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Established veterans returning to their previous star form -- we don't see it occur often, but when it does, it's a huge boost for any team. Which players who labored through tough, relatively unproductive seasons last year are aligned to rebound in 2023? 

Before I begin, I did not include players who simply were injured for all or most of 2022. I'm not copping out like that. These are players who struggled for other reasons. Alright, let's get to the list. 

Damien Harris

Damien Harris
BUF • RB • #22
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In Harris' second and third seasons in the NFL, he averaged a meaty 4.8 yards per tote on 339 carries. He was jumped by the younger Rhamondre Stevenson on the running back depth chart in New England and only logged 106 rushes in 2022. While never an ultra-elusive or super-powerful back, Harris' yards-after-contact figure in 2023 was 3.05 yards, nearly identical to his 2020 average when he set a career-high in total yards per carry (5.0). He joins a Bills team that's emphasized the fortification of its offensive line by signing Connor McGovern, David Edwards, and Brandon Shell in free agency along with the selection of mauling second-round pick O'Cyrus Torrence out of Florida. 

Harris will be a welcomed addition to a club that's needed a thicker, North-South runner with some pop through the hole. He'll return to his 2020-2021 form and, remember, in that 2021 campaign, he scored 15 touchdowns during the regular season. The former Alabama star won't reach that total again, but nearing double-digit scores is not out of the question. I'm serious. 

Brandin Cooks

Brandin Cooks
DAL • WR • #3
REC YDs699
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This is a gimme. Cooks had his lowest amount of catches (57) and receiving yards (699) since his rookie season on a brutal Texans team in 2022, and he was rewarded for his three years being criminally underrated in Houston by getting moved to the Cowboys, one of the major contenders in the NFC, this offseason.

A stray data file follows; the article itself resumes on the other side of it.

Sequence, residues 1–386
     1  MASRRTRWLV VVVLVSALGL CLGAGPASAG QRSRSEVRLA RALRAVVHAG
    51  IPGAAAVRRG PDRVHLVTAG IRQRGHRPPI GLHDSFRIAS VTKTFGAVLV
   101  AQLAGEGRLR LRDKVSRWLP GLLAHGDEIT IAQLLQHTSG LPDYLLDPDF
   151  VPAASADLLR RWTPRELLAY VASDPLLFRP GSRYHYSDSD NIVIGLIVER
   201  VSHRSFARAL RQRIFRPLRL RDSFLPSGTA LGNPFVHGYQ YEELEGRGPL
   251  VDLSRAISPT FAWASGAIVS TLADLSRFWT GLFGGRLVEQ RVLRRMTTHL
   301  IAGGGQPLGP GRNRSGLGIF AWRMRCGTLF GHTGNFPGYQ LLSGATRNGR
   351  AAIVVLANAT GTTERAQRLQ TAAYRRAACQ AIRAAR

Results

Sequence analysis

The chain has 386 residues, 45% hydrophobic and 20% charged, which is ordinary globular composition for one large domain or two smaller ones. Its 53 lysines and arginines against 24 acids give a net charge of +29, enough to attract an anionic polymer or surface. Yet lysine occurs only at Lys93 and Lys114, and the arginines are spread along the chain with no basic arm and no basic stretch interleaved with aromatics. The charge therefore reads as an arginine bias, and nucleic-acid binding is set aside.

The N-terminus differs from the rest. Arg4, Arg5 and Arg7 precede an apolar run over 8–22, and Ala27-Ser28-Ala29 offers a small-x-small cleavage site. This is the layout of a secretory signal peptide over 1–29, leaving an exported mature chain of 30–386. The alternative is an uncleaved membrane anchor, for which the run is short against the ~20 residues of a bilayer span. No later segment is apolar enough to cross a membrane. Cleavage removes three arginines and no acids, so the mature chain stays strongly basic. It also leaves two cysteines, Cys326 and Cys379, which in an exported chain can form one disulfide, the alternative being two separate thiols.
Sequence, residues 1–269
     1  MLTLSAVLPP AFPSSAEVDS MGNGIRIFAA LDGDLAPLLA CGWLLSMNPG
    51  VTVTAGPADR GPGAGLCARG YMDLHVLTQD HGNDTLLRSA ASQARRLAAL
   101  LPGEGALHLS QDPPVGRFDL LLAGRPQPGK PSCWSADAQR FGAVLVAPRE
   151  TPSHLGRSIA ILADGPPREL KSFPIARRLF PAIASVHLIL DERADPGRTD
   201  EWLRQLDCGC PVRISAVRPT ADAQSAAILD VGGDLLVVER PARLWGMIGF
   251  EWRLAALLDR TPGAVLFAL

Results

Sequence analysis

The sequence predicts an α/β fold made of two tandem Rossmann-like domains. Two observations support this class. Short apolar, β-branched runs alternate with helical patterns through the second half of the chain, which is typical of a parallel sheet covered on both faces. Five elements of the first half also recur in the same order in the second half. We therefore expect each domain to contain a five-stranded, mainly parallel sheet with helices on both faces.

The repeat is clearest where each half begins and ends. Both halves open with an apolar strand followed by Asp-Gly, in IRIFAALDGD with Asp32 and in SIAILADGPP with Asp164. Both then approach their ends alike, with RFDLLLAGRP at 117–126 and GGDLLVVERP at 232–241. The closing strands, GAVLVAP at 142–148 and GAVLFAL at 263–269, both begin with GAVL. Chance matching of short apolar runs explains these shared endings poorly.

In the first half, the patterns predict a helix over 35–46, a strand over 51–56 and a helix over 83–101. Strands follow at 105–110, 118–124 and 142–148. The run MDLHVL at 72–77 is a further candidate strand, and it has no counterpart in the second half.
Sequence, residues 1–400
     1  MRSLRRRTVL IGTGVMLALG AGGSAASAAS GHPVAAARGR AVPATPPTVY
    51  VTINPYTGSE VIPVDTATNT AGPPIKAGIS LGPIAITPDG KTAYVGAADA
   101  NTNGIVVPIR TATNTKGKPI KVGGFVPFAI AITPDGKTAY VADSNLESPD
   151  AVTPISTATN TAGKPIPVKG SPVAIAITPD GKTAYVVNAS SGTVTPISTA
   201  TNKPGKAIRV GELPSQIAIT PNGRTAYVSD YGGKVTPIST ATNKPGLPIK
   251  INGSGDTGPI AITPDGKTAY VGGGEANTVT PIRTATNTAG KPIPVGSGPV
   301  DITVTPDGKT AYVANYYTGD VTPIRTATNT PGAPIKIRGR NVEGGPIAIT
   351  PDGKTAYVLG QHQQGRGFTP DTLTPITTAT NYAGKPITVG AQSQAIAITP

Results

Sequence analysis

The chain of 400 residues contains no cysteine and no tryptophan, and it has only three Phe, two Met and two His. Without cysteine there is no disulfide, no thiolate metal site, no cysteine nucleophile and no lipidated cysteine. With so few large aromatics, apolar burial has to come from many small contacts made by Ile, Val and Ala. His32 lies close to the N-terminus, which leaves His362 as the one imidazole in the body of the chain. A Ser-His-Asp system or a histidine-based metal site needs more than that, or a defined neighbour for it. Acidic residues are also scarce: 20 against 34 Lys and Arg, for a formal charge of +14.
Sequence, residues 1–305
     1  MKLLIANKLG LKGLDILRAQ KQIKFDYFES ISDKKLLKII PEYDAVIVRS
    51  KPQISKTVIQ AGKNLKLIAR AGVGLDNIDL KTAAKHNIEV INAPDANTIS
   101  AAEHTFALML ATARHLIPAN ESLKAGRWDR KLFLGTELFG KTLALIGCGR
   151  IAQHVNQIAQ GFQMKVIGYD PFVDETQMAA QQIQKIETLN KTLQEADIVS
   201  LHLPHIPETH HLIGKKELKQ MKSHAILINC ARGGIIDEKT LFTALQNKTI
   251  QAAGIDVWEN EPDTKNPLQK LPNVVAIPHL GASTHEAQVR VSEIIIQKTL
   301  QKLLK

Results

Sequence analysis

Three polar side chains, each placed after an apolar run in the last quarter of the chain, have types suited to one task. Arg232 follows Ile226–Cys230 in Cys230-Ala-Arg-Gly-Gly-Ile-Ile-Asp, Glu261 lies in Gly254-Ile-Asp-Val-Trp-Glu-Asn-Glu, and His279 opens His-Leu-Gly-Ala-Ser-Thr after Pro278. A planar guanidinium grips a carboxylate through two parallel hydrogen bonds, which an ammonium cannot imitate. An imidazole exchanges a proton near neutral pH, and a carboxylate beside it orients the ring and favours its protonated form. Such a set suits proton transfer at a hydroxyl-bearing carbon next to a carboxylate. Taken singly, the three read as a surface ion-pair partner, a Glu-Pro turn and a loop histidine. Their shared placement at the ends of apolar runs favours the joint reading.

You are not going to believe this, but Cooks still isn't 30! Feels like he played with like Joe Horn back in New Orleans, doesn't it? He'll turn 30 in September and has plenty of juice in the tank. While many of his advanced metrics like yards after the catch per reception and yards per route run were unsurprisingly down in 2022, he was still his usual beastly self in contested-catch scenarios, winning on more than 55% of them, an impressive number for any receiver and a monster figure for a wideout of his size. 

Still capable of exploding off the line, running quick-breaking routes and getting vertical, Cooks will begin as a clear No. 2 to CeeDee Lamb in Dallas and pop as the most productive pass catcher on a few occasions during his first season with Dak Prescott throwing him the football. He'll eclipse 1,000 yards receiving in 2023.  

Chandler Jones

Jones was a disappointment in his first season with the Raiders. No way around it. Was he downright awful? No. And it was a late-season surge that indicates Jones can still bring it with arguably the most diverse pass-rush move arsenal at the edge-rusher spot in football. Remember, we've seen a litany of once dominant pass rushers thrive well into their 30s, and Jones just turned 33.  

In his first 10 games with the Raiders a season ago, Jones registered a mere 19 pressures. Woof. Then he went on a tear with 28 pressures in his final five contests, including a two-game stretch with 19 -- eight against the Seahawks and 11 against the Chargers! The Raiders drafted Jones' eventual heir apparent in Tyree Wilson, who has to improve his get-off in the NFL, but has comparable freaky traits to Jones and will draw attention Then there's obviously Maxx Crosby, who, to me, is a superstar. Jones will enter a season not the clear focal point of opposing offensive line's game plans. He'll take full advantage of that unprecedented scenario in a rebound 2023. 

Devin Bush

I still believe in Devin Bush. He was too good before his 2020 knee injury. Yes, I'm fully aware that three years ago in the NFL is essentially equivalent to three decades in real life, but I'm trusting his natural athleticism -- and assuming it's of course fully back after that injury -- his long-standing tackling prowess and Pete Carroll's scheme/coaching in predicting this resurgence. 

In what everyone -- including Bush -- knew was a lame duck final season at Pittsburgh last year, the former first-round pick only missed three tackles on 659 snaps. Dude wraps up! As is the case with the majority of linebackers, Bush in coverage was average at best, and at times a liability. He wasn't dreadful. That's important. Playing behind what should be a bolstered pass-rush unit in Seattle, Bush should get more opportunities to make plays on footballs thrown on hurried tosses from opposing quarterbacks. Playing next to Bobby Wagner will be a godsend for the uber-talented, highly aggressive Bush. I know the Seahawks love him, but I won't be stunned when Bush outplays fellow former first-rounder Jordyn Brooks in 2023. I'm that into Bush's career revitalization with Carroll.